Want Students to See Themselves as Thinkers? Get Them Writing
Have you ever been told that you were good at something, but you didn't believe it?
I thought about this while reading The Dot, by Peter Reynolds, to my 3-year-old daughter. In a single, brief encounter, the teacher in the book helps a student to see herself as an artist for the very first time. And it changes the trajectory of her life.
There have been 'dot' moments in my own life: the day I became a father; when a college mentor encouraged me to go into education; the first time I had an article published. I believe experiences such as these often transform our lives in extraordinary ways.
Learning to write changes a person too—or, rather, the experience of seeing oneself as a writer helps us clarify who we are and reimagine our future.
Before writing was part of my chemistry classroom, I convinced myself that I wasn't "a writing teacher." I wanted students to be thinkers, scientists—not writers. Plus, students got writing instruction in English class, right?
Had I ever missed the point!
By not teaching writing to my students, I deprived them of strategies to understand chemistry, and I denied them a chance to see themselves as writers and thinkers.
But becoming a writer had such a profound effect on me that I began to bring a bit of writing into my chemistry classes, hoping it would do the same for my students. And it did. I found writing to be the vehicle to teach thinking, because writing is thinking.
You Think What You Write
Much like driving a car, writing is a complex activity, which involves the simultaneous coordination of numerous skills and processes in our brains. Beginning writers often feel clunky at first, but learn that over time writing becomes more natural. Writing forces you to be focused, productive, reflective and decisive—all at the same time!
My freshman English teacher Kate Murray used to say, "Writing is a blueprint of thinking." You can have the grandest vision of thoughts swirling in your head, but it's not until you set them free in writing that you can better understand what you think. In this way, we write not to communicate something we know, but to know something we communicate.
If you want students to see themselves as thinkers, you must provide them roles as thinkers. The more they engage in that role, the more their identity forms around it. It's not until you realize you're capable of having great thoughts—often by reading what you have written—that you view yourself as a thinker and a unique individual. As students begin to view themselves as thinkers, they build self-efficacy, viewing themselves as confident inquirers and competent learners. This has a profound effect on their success in school, as John Hattie's work has shown.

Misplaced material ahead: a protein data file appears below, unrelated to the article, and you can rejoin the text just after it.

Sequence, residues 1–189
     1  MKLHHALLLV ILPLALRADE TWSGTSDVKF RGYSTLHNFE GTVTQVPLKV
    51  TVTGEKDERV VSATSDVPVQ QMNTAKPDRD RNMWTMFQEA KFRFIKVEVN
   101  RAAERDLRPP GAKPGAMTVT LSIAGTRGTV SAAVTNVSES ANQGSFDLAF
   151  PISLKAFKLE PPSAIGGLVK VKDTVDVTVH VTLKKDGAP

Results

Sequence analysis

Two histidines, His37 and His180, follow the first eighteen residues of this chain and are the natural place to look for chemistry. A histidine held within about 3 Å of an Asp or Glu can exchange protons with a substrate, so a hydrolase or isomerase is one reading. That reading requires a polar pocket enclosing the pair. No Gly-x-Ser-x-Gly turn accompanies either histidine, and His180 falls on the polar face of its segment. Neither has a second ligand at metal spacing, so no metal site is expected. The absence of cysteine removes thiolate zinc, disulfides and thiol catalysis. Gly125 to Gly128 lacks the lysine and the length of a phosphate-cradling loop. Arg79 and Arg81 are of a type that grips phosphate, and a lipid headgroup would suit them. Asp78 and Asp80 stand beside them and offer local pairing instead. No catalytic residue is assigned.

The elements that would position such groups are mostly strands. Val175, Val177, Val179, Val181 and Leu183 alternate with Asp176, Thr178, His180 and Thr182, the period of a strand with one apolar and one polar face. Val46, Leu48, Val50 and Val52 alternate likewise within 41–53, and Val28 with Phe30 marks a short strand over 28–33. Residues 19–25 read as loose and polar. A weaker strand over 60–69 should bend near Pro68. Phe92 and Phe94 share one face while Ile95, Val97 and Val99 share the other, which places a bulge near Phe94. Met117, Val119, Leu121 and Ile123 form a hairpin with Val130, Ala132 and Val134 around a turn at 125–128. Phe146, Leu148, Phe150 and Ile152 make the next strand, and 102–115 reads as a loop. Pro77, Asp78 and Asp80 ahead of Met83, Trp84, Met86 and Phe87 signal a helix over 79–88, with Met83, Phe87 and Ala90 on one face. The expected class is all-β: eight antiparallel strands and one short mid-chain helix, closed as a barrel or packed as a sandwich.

So how can educators help students codify their identity as thinkers and develop self-efficacy?
Developing students' identity as learners lies in helping them increase their thinking capacity, which doesn't mean teaching them more. It means getting them to think more. And for that, it turns out, the pen is mightier than the board.
Reasons to Embrace Writing
You can help your students to enhance their writing, deepen their thinking, and make learning visible by building writing into the regular learning experience. Writing creates the 'whitespace' for great ideas and 'ah-ha' moments. It is a creative activity that engages the 'back of our mind' and routine writing generally helps to solidify thinking. As they write, students will develop skills noticing, persevering, and organizing, because it:
- increases cognitive fluency
- doesn't require a huge amount of time to do
- helps you remember and better understand what you write
You don't need a new curriculum either. Simply get kids writing in various ways more often to practice thinking and form an academic identity. Giving time in class for writing allows teachers to work more closely with students—simultaneously supporting content learning and skill development.
This approach proved useful with my students. They often struggled to understand why the temperature of water decreased slightly when they boiled it. Even after they witnessed it firsthand, the phenomenon was still unclear. However, as they wrote about the 'story' of water boiling, and what was going on at the molecular level, writing helped them refine their understanding of the situation. One student wrote about it this way: